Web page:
As the humanitarian crisis in northern Iraq stretched for days this summer, a question hung in the air: Would the United States deploy troops and aircraft to evacuate thousands of members of a religious minority group who had fled to Mount Sinjar and its surrounding cliffs to get away from the Islamic State?

The issue was raised after U.S. troops flew helicopters and V-22 Ospreys into northern Iraq as the military sent troops in to assess the situation. Defense Secretary Chuck Hagel said at the time that Marines and sailors involved wouldn’t have a combat mission, but “there are some things we can continue to do.” A Pentagon official, Col. Steve Warren, said at the time that about four Ospreys were in Iraq.

It turns out the mission up for consideration at the time was far broader, however. Gen. James F. Amos, the Marine Corps commandant, told USA Today that the service was preparing for a massive evacuation of the minority Yazidis that would have included about 24 Ospreys. The mission would have included not only aircraft pulled off Navy ships in the Middle East, but additional Ospreys that had been flown out of Afghanistan to Kuwait, Amos said.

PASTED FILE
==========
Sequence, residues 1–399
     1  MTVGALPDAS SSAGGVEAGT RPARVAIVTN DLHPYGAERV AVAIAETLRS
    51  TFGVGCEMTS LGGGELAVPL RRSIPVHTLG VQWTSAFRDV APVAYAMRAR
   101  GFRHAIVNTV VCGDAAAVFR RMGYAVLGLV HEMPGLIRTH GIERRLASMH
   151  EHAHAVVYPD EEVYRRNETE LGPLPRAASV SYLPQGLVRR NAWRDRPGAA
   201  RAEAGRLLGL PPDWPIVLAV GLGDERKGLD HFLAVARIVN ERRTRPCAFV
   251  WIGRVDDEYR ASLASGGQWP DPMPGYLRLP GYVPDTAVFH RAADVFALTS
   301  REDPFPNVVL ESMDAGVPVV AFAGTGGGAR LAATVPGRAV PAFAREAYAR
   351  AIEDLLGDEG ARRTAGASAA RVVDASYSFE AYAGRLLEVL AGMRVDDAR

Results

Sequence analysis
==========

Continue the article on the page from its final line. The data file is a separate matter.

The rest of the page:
“The plan was to pick everyone off the mountain,”Amos told USA Today in an article published Wednesday. “It was going to be a ’round the clock operation.”

“It would have been the largest evacuation that I can think of,” Amos added. “It could have been very dangerous as well.”

The scope of such an operation, involving multiple squadrons of aircraft, would have made it exceedingly rare. And as the commandant suggested, it would have opened U.S. troops up to risks like potential ground fire; they also would have had to negotiate treacherous terrain around Mount Sinjar.

U.S. Special Forces eventually landed a team on the mountain to assess the danger, and discovered the situation was not as severe as previously thought, Rear Adm. John Kirby, the Pentagon press secretary, said Aug. 14. The U.S. military’s airdrops had helped supply the Yazidis, and airstrikes in the region enabled many of them to flee the region without harm. Discussions about an aerial evacuation were called off at that point, defense officials said.